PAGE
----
Captain’s Log 5,826
Yes, I am a geek. This will be me in a few years. Actually, this might be now. I wear invisible colanders at the moment. I can see them but nobody else can.
Eccentric or crazy? It’s all in how you perceive it.
Perception is everything. I have a friend who lost her job last week. Instead of moaning, carrying on, feeling sad, and blithering about her unjust fate, she contacted me and said the universe has given her a boatload of free time right now – and she wants to make the most of it. What a refreshing change of pace. I’m sure she went through a period of grieving over the job loss, but she isn’t letting that stop her. She is DOING something good for herself. Too bad more people don’t choose this healthy perspective.
Most people love to whine too long (in my opinion). Some people NEVER get over a disappointment and bring it up every chance they get – working it into conversations about owls, the price of oil in Kuwait, or flowers from Central America. No matter what you talk about, they always find a way to turn the conversation back to themselves and lace it with some self-pity. Example: Flowers from Central America? Wow. Nobody ever gives ME flowers……” I just want to scream! These people do not listen, they wait to unload their pain. I feel sorry to a point, but I am losing patience for this kind of thing. The older I get, the less I like it. Life is too short for excessive wallowing.
On some cosmic level, we give abusers permission to abuse us. For some reason, it serves our emotional needs at the moment. Some people are afraid to get healthy because it means they will have to change. It’s so much easier to stay stuck. Ruts are comfortable.
There are no victims…..only volunteers. Nobody really knows who said that, but some attribute it to Eleanor Roosevelt. I’ll take Eleanor. She was a wise lady. She never allowed her personal unhappiness to stand in the way of doing great things. I never knew Eleanor, but her history astounds and inspires. Yes, she was born into wealth, but it did not matter. She was dealt a difficult hand. She was an orphan by age ten and was on her own for most of her life after that. Even after her marriage to Franklin, she was always her own person, and I admire her for that.
My office manager speaks English as a third language. Her choice of vocabulary is always interesting. She is very fond of the word “dilemma.” The first time she approached me and said, “Oh, Paulita! We have a serious dilemma!” I thought the IRS found something wrong with the books or we had sold a car that didn’t belong to the museum. I soon came to understand how she uses that word. I hear the word dilemma now when we run out of paper clips. I now realize she is not being dramatic, she is merely limited with her vocabulary choices when she tries to communicate anything of urgency to me.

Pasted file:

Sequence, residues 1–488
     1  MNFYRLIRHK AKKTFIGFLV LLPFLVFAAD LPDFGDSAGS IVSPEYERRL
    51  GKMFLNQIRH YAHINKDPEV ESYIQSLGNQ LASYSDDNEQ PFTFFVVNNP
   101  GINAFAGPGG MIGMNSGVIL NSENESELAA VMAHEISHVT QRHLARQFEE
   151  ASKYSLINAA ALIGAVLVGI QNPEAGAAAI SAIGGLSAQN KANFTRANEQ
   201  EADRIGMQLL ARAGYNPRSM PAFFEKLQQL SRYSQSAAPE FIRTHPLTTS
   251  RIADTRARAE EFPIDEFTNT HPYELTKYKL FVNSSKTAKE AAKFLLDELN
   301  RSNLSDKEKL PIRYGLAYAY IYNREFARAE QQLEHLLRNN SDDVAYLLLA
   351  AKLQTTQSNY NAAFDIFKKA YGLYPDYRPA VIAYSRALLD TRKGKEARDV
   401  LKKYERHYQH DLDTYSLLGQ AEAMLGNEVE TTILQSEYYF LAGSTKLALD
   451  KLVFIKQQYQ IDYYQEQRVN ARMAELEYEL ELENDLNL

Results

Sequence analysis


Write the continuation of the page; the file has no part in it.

Why talk about my office manager? She is not a victim. Her Jewish parents fled Lithuania during WWII to avoid the Nazis. They fled to Italy and then to Mexico. She was born in Mexico and has one brother. He came down with polio as a child and has been in a wheelchair his entire life. She was born with scoliosis which gets worse with every passing year.
She went on to study dentistry at the University of Mexico and became a professor. When she moved to the United States, none of her credentials would transfer. She surrendered her career to open a business with her husband. Her marriage eventually failed and she was left with two young children to raise on her own. She did. She never complained.
She has been through far more than many of us will ever encounter. And I never hear her complain. When I hear her pounding down the hallway to explain the latest “dilemma” to me, I smile. To be so strong is a gift. She is a role model for me. If I would ever tell her that, she would deny it and sweep me away with a big “AACCCCK! Paulita! Stop being silly!”
I am grateful to have such a strong person so close to me in my work. I am honored she has given me the name “Paulita.” She explained that she acknowledges me as an “honorary Latina.” I’ll take it. It’s good. It has clear meaning and brings me great joy.
I am so very blessed.